Chow Town

You, too, can volunteer to harvest grapes for local wineries

Let the harvest begin. Volunteers flock to a local vineyard to bring in the grapes.

Somerset Ridge Vineyard and Winery in Paola, Kan., grows 13 varieties of grapes on hillside vineyard in Miami County. Like many local wineries, Somerset Ridge depends on volunteers to harvest the grapes from thousands of grapevines that dot the la
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Somerset Ridge Vineyard and Winery in Paola, Kan., grows 13 varieties of grapes on hillside vineyard in Miami County. Like many local wineries, Somerset Ridge depends on volunteers to harvest the grapes from thousands of grapevines that dot the la

Grape harvest begins at 8 in the morning and ends at noon for volunteers at Somerset Ridge Vineyard & Winery in Paola, Kan. Pairs of volunteers work on each side of grapevine rows. Holding pruners in one hand, each person gently brushes aside lush leaves, cleanly cuts the tendril above the cluster of grapes and deposits the fruit in a lug, a plastic tub that holds 25 pounds.

From late August to late October at Somerset Ridge and wineries across Missouri and Kansas, volunteers help gather tons of fruit destined to become wine. Not only do the vineyards rely on and need the help, it’s also a way for customers to connect with a local product.

“Our volunteers are passionate, committed amateur harvesters that leave with a story to tell,” said Cindy Reynolds, who, with her husband, Dennis, planted Somerset Ridge’s first vineyards in 1998. “These are people that have been to our winery and are invested in our wine.”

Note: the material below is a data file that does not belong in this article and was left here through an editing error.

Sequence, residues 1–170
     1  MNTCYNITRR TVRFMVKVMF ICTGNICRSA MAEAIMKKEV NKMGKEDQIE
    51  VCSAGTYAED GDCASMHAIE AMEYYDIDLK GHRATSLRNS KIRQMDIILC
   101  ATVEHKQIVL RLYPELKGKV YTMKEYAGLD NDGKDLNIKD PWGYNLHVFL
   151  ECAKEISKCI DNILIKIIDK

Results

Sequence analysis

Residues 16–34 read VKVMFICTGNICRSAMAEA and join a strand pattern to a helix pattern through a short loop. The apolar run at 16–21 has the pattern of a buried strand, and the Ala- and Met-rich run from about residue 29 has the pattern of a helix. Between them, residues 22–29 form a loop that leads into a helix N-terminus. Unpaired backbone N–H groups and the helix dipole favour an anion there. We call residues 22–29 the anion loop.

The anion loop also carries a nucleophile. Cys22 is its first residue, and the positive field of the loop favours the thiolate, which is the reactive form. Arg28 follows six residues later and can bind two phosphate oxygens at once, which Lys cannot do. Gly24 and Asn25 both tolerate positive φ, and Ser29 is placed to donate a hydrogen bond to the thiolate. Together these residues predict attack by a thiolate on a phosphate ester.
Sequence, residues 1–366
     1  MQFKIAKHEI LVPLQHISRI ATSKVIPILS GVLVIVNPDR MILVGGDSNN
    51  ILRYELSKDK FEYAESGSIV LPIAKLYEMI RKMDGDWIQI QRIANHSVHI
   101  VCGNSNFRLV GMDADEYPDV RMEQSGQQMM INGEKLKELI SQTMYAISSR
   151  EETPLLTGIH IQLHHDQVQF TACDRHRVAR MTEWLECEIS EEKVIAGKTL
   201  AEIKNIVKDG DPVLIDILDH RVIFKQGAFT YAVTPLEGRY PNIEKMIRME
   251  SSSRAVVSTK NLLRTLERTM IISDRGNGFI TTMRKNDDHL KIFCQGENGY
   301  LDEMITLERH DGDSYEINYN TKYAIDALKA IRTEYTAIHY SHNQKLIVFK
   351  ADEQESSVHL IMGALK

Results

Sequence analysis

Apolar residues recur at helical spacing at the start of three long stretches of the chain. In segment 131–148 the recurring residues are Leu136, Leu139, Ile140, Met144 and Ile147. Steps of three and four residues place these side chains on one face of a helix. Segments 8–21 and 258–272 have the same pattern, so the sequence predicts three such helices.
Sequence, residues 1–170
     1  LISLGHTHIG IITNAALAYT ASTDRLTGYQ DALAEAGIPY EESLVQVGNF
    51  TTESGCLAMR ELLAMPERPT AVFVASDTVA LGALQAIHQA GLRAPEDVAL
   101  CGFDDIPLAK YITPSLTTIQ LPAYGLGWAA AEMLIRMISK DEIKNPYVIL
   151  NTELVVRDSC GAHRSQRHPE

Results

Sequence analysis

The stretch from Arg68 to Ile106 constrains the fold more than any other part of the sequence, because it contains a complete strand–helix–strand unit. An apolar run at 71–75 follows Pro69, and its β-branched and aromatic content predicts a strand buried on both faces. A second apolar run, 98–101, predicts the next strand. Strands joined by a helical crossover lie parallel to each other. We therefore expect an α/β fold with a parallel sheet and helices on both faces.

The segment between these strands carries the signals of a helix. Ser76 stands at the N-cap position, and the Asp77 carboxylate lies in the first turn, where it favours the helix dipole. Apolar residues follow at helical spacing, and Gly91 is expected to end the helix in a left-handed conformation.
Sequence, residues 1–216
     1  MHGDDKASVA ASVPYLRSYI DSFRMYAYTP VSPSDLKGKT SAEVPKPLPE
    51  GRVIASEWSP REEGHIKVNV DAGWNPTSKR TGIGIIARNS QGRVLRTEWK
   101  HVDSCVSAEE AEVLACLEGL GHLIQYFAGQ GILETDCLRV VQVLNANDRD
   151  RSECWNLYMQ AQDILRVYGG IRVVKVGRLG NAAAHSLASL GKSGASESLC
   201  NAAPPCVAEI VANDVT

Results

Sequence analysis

It’s also a rewarding experience for the volunteers, said Jamie Shaw, a past volunteer at Somerset.

“I took the opportunity to see how the process works. I felt like I was on a mission to clear a section and move on. There’s a sense of accomplishment and immediate gratification.”

Not only did Shaw learn how to prune grapes, but she also discovered how the staff actively maintains the vineyard.

“I gained an appreciation for the effort that goes into a family-run operation,” Shaw said. “You see how much work is involved year-round to care for the vines.”

Shaw also found kindred spirits with other volunteers. “The sense of community was strong and unexpected.”

Harvest alumni